On the day after the final act in the Tiger Stadium drama came to pass, it's helpful to remember that it didn't have to be this way:
It's the smallest ballpark in the majors, many seats are obstructed behind poles, it's crammed into a small city block, and there is no room around the concession stands. And yet, the stadium that is home to the Boston Red Sox, has become a landmark beloved by fans and is thriving in the struggling economy . . .
. . . Built in 1912, Fenway is three years shy of its 100th birthday. Lacking the amenities featured in many new stadiums, the park relies on old-fashioned nostalgia to help sell tickets and incite excitement among fans. "They have managed to tell people that while all the rest of the modern world is basking in this comfort and luxury, you don't come to a ballgame to be comfortable. You come to a ballgame to see the ballgame," said Ryan.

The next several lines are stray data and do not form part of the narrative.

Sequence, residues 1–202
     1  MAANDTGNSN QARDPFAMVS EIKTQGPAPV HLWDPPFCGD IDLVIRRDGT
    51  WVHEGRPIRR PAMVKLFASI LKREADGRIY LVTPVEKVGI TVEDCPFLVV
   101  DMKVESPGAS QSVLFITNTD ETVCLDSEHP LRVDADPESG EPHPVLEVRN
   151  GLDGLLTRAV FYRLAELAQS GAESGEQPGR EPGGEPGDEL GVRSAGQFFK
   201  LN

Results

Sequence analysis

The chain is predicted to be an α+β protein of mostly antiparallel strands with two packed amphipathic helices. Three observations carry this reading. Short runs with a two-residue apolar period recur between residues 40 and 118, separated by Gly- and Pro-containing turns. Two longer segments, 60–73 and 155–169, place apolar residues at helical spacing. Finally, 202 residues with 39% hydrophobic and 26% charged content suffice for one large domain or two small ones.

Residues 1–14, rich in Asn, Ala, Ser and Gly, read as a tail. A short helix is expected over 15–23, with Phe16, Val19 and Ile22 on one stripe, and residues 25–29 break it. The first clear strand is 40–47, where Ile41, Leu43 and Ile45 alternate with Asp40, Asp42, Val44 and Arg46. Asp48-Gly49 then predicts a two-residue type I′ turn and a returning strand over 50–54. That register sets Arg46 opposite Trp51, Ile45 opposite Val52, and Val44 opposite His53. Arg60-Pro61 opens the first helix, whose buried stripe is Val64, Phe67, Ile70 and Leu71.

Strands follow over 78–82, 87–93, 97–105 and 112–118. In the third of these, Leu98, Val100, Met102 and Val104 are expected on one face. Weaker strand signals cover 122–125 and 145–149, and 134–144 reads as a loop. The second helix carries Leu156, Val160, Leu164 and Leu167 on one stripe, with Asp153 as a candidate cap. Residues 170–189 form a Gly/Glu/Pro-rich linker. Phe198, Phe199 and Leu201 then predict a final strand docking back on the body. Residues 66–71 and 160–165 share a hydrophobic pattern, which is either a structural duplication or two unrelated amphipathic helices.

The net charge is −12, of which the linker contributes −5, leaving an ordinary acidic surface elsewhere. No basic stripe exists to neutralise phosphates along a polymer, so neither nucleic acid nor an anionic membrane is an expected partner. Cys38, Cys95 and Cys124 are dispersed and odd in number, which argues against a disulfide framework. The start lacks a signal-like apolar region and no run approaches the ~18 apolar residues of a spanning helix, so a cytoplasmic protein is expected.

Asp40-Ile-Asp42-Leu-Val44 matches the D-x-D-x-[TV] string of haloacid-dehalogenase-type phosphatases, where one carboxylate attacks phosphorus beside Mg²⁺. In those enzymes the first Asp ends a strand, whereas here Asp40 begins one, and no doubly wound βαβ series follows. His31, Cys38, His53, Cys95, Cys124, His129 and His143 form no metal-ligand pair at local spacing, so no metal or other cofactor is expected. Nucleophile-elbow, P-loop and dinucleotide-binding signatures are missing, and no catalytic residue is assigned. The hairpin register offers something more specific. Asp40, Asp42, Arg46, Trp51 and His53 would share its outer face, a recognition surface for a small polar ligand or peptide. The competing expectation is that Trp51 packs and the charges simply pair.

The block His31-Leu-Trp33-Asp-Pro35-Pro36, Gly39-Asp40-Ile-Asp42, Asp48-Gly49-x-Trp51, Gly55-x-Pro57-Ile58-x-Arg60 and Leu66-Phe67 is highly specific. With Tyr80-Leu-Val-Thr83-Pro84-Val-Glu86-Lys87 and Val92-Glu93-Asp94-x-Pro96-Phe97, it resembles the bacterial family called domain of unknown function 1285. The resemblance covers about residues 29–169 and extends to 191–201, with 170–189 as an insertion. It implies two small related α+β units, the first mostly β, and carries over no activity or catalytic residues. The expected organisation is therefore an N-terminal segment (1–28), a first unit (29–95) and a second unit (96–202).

One of the things I'll always wonder is what would have happened if Tigers' owner Mike Ilitch had sunk some money into a thoughtful renovation of Tiger Stadium instead of trying to keep up with the Joneses and build a shiny new park.
I'll grant that the Detroit economy was and will remain terrible, and I'll also grant that it's probably harder to sell nostalgia to someone who visits Detroit to gamble than to someone who comes back to Boston to see the old college campus, but they could have at least tried.